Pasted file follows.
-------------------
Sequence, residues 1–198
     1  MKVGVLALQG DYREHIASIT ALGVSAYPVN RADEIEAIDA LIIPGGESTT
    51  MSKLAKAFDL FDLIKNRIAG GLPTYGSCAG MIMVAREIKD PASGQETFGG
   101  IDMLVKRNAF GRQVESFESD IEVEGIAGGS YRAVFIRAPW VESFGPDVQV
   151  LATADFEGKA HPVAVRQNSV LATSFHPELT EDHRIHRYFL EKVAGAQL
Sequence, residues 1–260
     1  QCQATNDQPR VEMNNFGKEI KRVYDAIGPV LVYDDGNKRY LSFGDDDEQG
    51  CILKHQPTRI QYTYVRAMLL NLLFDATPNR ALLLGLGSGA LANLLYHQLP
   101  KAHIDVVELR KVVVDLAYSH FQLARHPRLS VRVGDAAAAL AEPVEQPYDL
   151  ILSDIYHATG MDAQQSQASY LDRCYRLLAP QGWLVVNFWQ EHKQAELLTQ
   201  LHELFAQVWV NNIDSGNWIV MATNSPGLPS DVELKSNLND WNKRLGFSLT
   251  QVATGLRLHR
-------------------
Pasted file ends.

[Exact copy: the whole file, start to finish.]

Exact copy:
Sequence, residues 1–198
     1  MKVGVLALQG DYREHIASIT ALGVSAYPVN RADEIEAIDA LIIPGGESTT
    51  MSKLAKAFDL FDLIKNRIAG GLPTYGSCAG MIMVAREIKD PASGQETFGG
   101  IDMLVKRNAF GRQVESFESD IEVEGIAGGS YRAVFIRAPW VESFGPDVQV
   151  LATADFEGKA HPVAVRQNSV LATSFHPELT EDHRIHRYFL EKVAGAQL
Sequence, residues 1–260
     1  QCQATNDQPR VEMNNFGKEI KRVYDAIGPV LVYDDGNKRY LSFGDDDEQG
    51  CILKHQPTRI QYTYVRAMLL NLLFDATPNR ALLLGLGSGA LANLLYHQLP
   101  KAHIDVVELR KVVVDLAYSH FQLARHPRLS VRVGDAAAAL AEPVEQPYDL
   151  ILSDIYHATG MDAQQSQASY LDRCYRLLAP QGWLVVNFWQ EHKQAELLTQ
   201  LHELFAQVWV NNIDSGNWIV MATNSPGLPS DVELKSNLND WNKRLGFSLT
   251  QVATGLRLHR